So, what is the Shovelation?
First off, understand that I am not trying to pass the Shovelation off as a translation. Oh, I know a smattering of Greek, but I don't possess the Biblical language skills to even begin such a project as to create a new translation. But then with the number of English translations available today do we really need one more? Aside from a few discrepancies (some important, some not) and/or easier readability, most versions confirm that another translation will end up saying pretty much the same thing. And that's a good thing, as it should assure us that scholars the world over have agreed that most versions have done a good job translating the available Greek manuscripts into decent English equivalents.
Of course, many insist upon a perfect translation, or even THE perfect translation. Some think they already have it, others still strive to achieve it. Either way, do you really think a perfect translation could give perfect understanding? Before you answer, consider that the Pharisees not only understood but were fluent in Greek and Hebrew, and it didn't do them much good. Understanding words and/or studying original manuscripts (which, by the way, we no longer have) was never the end-all to a true understanding of God. The religious scholars and leaders who lived during the time of Jesus assumed they understood truth because they studied and quoted from the authoritative writings of Moses. Jesus told them:
You search the Scriptures because you think that in them you have eternal life; it is these that testify about Me; and you are unwilling to come to Me so that you may have life ... For if you believed Moses, you would believe Me, for he wrote about Me. But if you do not believe his writings, how will you believe My words? John 5:39,40,46,47 NASB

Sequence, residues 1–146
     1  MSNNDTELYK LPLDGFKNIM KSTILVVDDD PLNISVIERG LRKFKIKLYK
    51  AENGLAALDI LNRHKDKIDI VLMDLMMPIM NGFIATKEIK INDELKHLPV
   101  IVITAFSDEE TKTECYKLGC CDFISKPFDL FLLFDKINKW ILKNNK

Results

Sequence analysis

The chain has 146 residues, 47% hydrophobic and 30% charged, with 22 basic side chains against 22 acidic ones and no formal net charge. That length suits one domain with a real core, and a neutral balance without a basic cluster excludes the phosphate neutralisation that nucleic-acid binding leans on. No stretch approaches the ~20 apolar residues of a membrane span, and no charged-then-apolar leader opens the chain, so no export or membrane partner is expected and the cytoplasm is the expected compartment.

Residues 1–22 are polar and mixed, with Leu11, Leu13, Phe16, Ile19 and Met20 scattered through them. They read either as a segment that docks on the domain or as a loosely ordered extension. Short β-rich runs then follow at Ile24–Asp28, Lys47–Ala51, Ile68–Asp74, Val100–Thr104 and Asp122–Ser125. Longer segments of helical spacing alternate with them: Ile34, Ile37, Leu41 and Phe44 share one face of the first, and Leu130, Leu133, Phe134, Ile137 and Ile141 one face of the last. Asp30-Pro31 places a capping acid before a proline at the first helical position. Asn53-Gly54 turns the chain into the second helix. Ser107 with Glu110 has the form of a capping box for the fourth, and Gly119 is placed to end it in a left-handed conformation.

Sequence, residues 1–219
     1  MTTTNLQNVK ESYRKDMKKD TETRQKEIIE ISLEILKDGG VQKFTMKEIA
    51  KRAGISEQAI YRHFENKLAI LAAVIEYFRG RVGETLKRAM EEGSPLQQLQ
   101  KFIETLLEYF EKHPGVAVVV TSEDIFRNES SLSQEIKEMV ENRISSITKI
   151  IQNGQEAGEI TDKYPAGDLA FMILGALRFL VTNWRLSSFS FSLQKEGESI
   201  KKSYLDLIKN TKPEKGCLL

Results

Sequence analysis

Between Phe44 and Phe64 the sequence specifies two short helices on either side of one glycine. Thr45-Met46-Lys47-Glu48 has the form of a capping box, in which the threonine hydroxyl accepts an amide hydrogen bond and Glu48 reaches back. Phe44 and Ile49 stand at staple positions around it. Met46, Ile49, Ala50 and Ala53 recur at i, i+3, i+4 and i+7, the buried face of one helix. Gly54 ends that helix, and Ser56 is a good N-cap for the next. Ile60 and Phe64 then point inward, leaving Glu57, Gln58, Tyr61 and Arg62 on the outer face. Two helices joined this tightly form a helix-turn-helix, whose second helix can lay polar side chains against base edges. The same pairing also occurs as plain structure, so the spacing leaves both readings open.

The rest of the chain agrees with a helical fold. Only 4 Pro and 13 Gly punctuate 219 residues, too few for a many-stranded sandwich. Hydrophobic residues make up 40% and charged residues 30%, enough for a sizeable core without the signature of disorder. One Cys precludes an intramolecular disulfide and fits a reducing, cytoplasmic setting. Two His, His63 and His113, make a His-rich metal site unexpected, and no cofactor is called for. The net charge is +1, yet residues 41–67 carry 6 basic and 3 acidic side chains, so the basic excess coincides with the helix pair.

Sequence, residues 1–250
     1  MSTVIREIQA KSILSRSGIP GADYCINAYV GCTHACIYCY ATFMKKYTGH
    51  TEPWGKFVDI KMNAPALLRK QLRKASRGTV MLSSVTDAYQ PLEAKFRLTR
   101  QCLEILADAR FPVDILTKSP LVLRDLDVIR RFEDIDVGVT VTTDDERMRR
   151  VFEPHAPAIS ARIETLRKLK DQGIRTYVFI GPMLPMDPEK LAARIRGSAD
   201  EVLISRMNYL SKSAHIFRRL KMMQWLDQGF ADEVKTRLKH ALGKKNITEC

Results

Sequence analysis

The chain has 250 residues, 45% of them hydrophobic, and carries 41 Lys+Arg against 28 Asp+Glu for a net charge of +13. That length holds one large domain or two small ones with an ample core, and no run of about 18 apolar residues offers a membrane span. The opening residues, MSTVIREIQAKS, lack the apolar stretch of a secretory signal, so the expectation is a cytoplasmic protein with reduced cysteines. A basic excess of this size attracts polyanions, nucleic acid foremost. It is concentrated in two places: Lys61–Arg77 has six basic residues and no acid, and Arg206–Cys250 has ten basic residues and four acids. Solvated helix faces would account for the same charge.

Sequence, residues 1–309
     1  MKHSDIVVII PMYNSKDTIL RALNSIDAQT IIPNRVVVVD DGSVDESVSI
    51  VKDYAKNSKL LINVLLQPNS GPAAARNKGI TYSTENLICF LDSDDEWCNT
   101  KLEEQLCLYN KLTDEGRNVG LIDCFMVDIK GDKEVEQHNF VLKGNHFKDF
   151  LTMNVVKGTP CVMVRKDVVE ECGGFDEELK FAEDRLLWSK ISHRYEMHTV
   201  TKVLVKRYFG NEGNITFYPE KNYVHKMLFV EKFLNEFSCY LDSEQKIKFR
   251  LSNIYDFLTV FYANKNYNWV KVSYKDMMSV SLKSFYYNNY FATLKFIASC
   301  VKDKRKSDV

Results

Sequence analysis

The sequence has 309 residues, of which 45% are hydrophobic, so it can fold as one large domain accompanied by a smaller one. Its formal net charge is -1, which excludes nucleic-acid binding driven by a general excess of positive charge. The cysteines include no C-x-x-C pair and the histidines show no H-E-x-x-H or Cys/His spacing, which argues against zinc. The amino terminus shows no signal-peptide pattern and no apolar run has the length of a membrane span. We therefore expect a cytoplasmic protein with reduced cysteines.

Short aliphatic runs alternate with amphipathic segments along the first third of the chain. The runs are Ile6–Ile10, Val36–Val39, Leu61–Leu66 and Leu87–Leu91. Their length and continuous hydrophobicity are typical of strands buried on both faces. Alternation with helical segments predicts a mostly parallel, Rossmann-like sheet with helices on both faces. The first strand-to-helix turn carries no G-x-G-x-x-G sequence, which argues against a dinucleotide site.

You see, even if we had THE perfect translation, true life would not be found within the confines of that written document. No doubt it would testify TO the life or ABOUT the life, but it could just as easily give the religious Scripture-bound mind a way to reject the life while appearing to be an authority on the life. Beware of those who bark the loudest about their qualifications and/or authority to dispense truth. If there is any secret to understanding the Bible it would be found not in its difficulty but in its simplicity.
So, I repeat, the Shovelation is not a translation. Instead, it is based upon an examination of numerous already-established translations, as well as some double-checking of the Greek where there may be a question in my mind.
So then, if the Shovelation is not a translation is it a paraphrase? I suppose you could call it that, but I don't think the designation accurately describes it. For to paraphrase is to rephrase or reword text, and that only describes part of what I'm doing with these New Testament letters.
Consider the following words that might help to describe the Shovelation:
Revise: to make a new, amended, improved, or up-to-date version of.
Amend: to put right; especially : to make emendations in (as a text).
Resolve: find a solution to; solve; dispel doubt; firmness of purpose; make clearly visible; take away doubt, fear concerning problem, difficulty; to clear up.
Clarify: to free from uncertainty; make easier to understand or comprehensible.
Adapt: harmonize; reconcile; coordinate; unify; explain; make clear; clarify; resolve; unravel; untangle.
If Paul, Peter, James or John were to write their letters today we wouldn't recognize them. They would be too relevant and easy to understand -- like real letters! We try so hard to figure out what the Bible might be saying to US, but do we think it was originally this difficult? Look for a special meaning and you will lose the real meaning; get an idea of what it meant to THEM and you will understand what it means to YOU. This is why I am writing the Shovelation.